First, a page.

President Bush has arrived in Hanoi for talks with Vietnam's leaders prior to the Pacific Rim economic summit. Mr. Bush is also meeting privately with other participants in the APEC forum, discussing such issues as North Korea, trade and the war in Iraq.
Three decades after the end of the Vietnam War, a marching band and military units in formation welcomed the president of the United States to Vietnam.
It is a sign to the world, says Mr. Bush, that two countries can reconcile a troubled past.
"I guess my first reaction is, history has a long march to it, and that societies change, and relationships can constantly be altered to the good," he said.
Roughly six years after Bill Clinton became the first U.S. president since the war to visit Vietnam, George W. Bush arrived in Hanoi. Both men are part of the generation that fought in and against the Vietnam War. Neither served in combat, but their lives were touched by the conflict half a world away.
Speaking to reporters shortly after his arrival Friday, Mr. Bush reflected on his impressions of the Vietnamese capital.
"You know, Laura and I were talking about - we were talking about how amazing it is we're here in Vietnam," said Mr. Bush. "And one of the most poignant moments of the drive in was passing the lake where John McCain got pulled out of the lake."
John McCain, now a member of the U.S. Senate and a potential presidential candidate, was a prisoner of war in Vietnam. While here, Mr. Bush will meet with military teams searching for Americans still missing in action long after the end of hostilities. But he will also look to the future, talking about trade and mutual security concerns.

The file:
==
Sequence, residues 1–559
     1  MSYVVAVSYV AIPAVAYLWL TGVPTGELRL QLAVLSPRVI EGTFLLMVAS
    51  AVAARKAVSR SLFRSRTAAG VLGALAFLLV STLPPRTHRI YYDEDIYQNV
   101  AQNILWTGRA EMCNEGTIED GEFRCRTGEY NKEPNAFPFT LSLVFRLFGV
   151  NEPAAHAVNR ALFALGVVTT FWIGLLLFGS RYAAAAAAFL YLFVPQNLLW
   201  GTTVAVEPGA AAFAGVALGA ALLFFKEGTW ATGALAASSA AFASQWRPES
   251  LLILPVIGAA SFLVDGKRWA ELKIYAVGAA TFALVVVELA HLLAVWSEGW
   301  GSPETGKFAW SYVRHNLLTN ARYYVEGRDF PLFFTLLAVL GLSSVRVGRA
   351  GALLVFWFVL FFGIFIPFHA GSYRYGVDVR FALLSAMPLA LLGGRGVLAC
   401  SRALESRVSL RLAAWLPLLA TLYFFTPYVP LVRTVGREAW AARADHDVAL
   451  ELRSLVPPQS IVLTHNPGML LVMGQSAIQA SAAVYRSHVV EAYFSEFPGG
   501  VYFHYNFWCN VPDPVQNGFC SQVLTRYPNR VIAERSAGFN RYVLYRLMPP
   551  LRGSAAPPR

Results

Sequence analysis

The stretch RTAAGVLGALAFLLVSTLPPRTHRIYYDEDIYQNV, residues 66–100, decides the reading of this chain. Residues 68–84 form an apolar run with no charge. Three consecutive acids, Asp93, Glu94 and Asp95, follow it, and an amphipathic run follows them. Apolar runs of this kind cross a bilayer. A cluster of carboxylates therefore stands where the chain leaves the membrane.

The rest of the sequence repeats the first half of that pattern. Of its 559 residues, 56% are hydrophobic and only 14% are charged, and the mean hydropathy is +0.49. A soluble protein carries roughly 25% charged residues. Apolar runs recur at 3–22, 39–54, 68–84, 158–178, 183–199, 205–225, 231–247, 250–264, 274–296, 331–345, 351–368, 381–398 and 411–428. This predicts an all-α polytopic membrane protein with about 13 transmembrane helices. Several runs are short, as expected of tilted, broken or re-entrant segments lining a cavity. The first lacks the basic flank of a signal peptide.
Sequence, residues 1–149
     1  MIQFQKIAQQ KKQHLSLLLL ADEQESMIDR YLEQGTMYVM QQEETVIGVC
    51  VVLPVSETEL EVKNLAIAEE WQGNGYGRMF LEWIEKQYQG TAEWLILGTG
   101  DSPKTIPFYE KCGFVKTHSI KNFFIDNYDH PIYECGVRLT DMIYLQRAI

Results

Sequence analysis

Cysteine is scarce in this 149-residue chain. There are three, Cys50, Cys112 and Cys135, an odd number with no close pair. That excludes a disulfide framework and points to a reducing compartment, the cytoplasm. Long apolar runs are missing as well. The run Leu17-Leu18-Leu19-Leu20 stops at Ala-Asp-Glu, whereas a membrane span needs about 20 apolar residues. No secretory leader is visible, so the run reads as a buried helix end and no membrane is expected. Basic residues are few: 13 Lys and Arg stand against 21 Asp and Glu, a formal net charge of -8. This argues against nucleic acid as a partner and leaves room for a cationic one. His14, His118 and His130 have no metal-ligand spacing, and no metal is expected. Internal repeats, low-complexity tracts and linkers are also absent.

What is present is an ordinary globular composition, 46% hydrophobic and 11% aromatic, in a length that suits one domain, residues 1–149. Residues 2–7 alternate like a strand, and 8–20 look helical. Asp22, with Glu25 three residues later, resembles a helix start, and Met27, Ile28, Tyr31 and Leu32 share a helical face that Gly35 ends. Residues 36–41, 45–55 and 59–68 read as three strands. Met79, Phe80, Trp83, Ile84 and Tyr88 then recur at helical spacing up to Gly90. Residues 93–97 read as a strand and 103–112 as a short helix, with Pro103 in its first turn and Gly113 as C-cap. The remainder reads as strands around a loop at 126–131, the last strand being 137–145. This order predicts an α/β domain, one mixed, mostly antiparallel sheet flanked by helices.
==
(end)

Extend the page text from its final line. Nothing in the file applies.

The president was asked if there are any lessons from the Vietnam War that can be applied to the current conflict in Iraq. He pointed to Vietnam's emergence over decades from a nation scarred by bloodshed, to a country with one of the fastest growing economies in the world.
"One lesson is that we tend to want there to be instant success in the world, and the task in Iraq is going to take a while," he said.
Throughout his stay in Hanoi, Mr. Bush is meeting not only with Vietnamese officials, but also individually with other leaders of some of the 21 nations attending the Asian Pacific Economic Cooperation summit on Saturday and Sunday.
The first of these one-on-one talks occurred almost immediately after he landed in Vietnam. Over lunch with Australian Prime Minister John Howard, Mr. Bush discussed the situation in Iraq.
The president said he wants all of America's coalition partners to know that the recent Democratic Party victory in U.S. Congressional elections does not mean there will be an abrupt shift in U.S. policy.
"We'll succeed, unless we quit. The Maliki government is going to make it, unless the coalition leaves before they have a chance to make it," he added. "And that's why I assured the [Australian] prime minister we'll get the job done."
Mr. Howard has been a strong supporter of the war on terrorism and the invasion of Iraq. Several hundred Australian troops serve with coalition forces in Iraq and Afghanistan.
President Bush noted that his administration is currently reviewing the situation in Iraq, as is an independent panel authorized by Congress. He said he will share the results first with members of the Iraq coalition, including Prime Minister Howard.